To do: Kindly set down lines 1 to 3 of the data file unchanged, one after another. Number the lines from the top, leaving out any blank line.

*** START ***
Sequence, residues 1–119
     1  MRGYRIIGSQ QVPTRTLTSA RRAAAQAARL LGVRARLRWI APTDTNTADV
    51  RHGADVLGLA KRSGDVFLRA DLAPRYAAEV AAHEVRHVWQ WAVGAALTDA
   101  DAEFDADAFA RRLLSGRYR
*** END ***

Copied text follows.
Sequence, residues 1–119
     1  MRGYRIIGSQ QVPTRTLTSA RRAAAQAARL LGVRARLRWI APTDTNTADV
    51  RHGADVLGLA KRSGDVFLRA DLAPRYAAEV AAHEVRHVWQ WAVGAALTDA